Thursday, March 16, 2023

Trapped Like Rats

 I'll say this for drought: No indoor recess. 

Over the past several weeks, my fellow teachers have met ever-so-briefly in the halls to discuss this matter. I say "ever-so-briefly" because our young charges are in a near constant need of supervision. Left to their own devices out on the asphalt plain that serves as our playground, they can go several minutes without intervention. This is not true with indoor recess.

Close quarters have been the theme of this year's rain-soaked winter. Growing things need water and while I am certain that the trees and plants in my purvey are content and grateful, the short people who I oversee are clearly struggling with the daily announcement of yet another day inside.

As with any experience, the first few iterations are a novelty. Finally! A chance to dust off chestnuts like Heads-up, Seven-up and Four Corners is a welcome change. That is the way things stay fresh. No matter that this same group of children can play soccer five days a week both morning and lunch recess for months at a time, if it's indoor recess, there had better be something new and different to try.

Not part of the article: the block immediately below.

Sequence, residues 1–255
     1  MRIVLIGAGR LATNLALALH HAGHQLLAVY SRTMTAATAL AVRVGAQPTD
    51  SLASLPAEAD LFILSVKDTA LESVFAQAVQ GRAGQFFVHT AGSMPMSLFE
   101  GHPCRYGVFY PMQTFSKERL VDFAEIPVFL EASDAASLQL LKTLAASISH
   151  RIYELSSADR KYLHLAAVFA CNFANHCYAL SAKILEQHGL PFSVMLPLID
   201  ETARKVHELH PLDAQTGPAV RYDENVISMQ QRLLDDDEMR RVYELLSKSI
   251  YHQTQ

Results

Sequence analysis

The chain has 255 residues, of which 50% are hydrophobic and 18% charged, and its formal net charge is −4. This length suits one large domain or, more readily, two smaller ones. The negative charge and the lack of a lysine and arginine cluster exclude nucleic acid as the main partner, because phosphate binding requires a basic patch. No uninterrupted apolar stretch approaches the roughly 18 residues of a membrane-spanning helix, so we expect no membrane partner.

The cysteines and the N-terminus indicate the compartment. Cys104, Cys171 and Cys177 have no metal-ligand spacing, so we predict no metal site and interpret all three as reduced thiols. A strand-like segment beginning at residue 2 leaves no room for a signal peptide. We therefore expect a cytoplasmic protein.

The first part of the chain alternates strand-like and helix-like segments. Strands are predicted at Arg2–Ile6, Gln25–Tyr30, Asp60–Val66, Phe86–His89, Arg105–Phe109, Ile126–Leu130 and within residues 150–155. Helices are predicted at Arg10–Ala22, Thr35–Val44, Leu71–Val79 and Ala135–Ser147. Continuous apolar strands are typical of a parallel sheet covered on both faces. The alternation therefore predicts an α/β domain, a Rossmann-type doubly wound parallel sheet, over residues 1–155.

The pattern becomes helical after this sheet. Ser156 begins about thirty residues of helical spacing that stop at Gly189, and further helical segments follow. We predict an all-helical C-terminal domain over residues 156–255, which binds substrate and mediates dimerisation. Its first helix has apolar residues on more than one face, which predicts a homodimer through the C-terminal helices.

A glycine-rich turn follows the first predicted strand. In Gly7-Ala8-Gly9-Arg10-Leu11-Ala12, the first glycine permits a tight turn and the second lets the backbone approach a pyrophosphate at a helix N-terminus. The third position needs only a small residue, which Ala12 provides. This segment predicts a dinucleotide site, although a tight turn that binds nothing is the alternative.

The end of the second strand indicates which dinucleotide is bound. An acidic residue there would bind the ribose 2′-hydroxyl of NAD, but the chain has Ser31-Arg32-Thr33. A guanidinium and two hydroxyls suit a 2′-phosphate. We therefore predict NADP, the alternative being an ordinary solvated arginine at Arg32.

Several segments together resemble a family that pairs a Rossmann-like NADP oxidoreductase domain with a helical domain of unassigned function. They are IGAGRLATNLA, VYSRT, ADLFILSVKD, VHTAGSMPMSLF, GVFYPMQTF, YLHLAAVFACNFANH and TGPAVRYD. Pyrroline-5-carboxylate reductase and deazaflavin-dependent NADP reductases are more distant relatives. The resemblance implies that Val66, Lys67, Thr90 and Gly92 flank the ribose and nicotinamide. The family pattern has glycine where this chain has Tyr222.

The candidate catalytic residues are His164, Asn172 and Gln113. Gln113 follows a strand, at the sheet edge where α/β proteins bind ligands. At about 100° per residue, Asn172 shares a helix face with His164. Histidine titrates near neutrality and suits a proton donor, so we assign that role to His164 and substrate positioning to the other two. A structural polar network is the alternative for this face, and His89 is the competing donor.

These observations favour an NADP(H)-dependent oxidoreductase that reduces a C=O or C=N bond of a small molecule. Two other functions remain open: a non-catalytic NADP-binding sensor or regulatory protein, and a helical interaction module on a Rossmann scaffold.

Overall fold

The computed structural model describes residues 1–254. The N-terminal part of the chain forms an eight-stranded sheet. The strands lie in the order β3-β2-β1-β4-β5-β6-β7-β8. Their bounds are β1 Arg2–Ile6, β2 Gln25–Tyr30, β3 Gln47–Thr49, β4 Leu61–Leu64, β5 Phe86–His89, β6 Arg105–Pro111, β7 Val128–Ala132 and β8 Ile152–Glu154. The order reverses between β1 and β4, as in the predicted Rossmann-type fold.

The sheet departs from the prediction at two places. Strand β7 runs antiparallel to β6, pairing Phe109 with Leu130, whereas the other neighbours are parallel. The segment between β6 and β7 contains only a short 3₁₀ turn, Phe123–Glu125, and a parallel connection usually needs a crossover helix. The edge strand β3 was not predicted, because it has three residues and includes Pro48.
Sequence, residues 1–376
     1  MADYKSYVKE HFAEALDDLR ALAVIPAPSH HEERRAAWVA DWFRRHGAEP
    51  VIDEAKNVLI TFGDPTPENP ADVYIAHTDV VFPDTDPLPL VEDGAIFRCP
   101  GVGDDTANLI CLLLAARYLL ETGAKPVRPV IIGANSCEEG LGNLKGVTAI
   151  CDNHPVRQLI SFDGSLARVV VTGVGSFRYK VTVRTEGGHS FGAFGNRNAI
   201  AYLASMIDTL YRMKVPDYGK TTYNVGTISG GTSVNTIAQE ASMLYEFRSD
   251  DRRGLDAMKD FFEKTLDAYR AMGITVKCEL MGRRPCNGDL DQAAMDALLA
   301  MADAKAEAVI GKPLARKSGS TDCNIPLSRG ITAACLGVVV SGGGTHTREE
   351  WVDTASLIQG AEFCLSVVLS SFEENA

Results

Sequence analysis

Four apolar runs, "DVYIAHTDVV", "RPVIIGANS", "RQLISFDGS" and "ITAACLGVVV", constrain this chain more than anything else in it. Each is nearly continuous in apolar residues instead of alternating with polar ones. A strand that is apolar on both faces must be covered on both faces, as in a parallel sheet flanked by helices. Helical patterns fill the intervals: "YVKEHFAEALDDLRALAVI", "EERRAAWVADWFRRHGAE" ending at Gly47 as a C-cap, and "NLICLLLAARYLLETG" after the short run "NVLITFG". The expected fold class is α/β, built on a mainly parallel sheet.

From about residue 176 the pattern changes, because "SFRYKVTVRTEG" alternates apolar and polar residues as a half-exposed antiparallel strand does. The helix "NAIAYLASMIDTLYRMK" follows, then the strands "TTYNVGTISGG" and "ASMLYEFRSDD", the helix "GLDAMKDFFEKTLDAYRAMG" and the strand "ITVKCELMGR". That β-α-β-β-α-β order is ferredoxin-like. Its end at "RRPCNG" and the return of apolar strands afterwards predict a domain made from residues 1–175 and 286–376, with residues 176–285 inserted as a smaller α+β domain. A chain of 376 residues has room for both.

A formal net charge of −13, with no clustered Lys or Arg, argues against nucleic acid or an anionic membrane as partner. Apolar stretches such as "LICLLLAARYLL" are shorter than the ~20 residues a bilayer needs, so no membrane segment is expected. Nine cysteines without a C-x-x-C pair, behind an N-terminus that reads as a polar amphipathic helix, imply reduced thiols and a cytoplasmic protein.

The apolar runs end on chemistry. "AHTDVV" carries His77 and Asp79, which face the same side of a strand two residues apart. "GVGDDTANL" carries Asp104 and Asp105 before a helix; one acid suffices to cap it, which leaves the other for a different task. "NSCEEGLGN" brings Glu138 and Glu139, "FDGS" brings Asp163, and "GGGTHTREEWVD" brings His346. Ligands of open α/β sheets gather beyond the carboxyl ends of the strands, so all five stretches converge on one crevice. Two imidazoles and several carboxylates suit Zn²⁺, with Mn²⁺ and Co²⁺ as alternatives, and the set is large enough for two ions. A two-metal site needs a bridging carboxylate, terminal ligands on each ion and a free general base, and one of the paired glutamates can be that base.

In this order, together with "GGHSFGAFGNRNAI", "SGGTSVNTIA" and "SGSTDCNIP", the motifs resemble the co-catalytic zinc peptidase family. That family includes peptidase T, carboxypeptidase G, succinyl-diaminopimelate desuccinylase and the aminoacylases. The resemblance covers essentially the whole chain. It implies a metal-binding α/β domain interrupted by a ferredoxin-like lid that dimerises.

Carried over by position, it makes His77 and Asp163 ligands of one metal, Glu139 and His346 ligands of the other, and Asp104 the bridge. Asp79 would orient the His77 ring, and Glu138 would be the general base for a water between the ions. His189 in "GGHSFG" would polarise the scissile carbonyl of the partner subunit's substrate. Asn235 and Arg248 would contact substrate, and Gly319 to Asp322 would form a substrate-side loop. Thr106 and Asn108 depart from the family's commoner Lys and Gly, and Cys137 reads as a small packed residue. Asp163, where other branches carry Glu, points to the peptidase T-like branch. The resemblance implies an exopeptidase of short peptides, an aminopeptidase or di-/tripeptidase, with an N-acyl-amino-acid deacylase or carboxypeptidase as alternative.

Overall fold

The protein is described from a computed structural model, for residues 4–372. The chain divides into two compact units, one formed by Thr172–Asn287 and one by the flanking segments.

Yes, there are those teachers who are just as happy to turn their kids loose on the computers in their room during most any break, creating a race to YouTube and many much less educational sites. Or in rare cases, you'll find a teacher who will be happy to share their Netflix account with the whole class, showing them something from the Family Section rather than risk losing their credential. 

Meanwhile, the atmospheric river that we have heard so much about continues to play havoc with the schedules of five to eleven year olds, and the strain is starting to show. When the announcement comes over the PA system that we will once again be sharing close quarters inside, the cheers have been replaced with moans, from young and old alike. Lately when we look outside, we wonder how a little water might hurt the little darlings, but then we remember that at least a few of us would have to sacrifice their warmth and safety to be outside to supervise the puddle stomping. 

So we wait. For that first part in the clouds. For that ray of sunshine. For that whole day of tearing around the playground without having to consult Doppler Radar. We're happy for the moisture, but for the love of all that is holy, please no more Heads-up, Seven-up. 

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